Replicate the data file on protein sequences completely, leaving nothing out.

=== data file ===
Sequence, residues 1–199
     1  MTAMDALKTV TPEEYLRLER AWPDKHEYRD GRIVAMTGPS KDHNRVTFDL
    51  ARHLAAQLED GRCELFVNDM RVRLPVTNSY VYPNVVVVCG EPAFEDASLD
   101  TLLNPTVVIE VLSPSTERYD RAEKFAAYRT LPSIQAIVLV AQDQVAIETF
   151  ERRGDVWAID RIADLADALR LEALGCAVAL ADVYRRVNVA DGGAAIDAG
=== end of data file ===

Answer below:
Sequence, residues 1–199
     1  MTAMDALKTV TPEEYLRLER AWPDKHEYRD GRIVAMTGPS KDHNRVTFDL
    51  ARHLAAQLED GRCELFVNDM RVRLPVTNSY VYPNVVVVCG EPAFEDASLD
   101  TLLNPTVVIE VLSPSTERYD RAEKFAAYRT LPSIQAIVLV AQDQVAIETF
   151  ERRGDVWAID RIADLADALR LEALGCAVAL ADVYRRVNVA DGGAAIDAG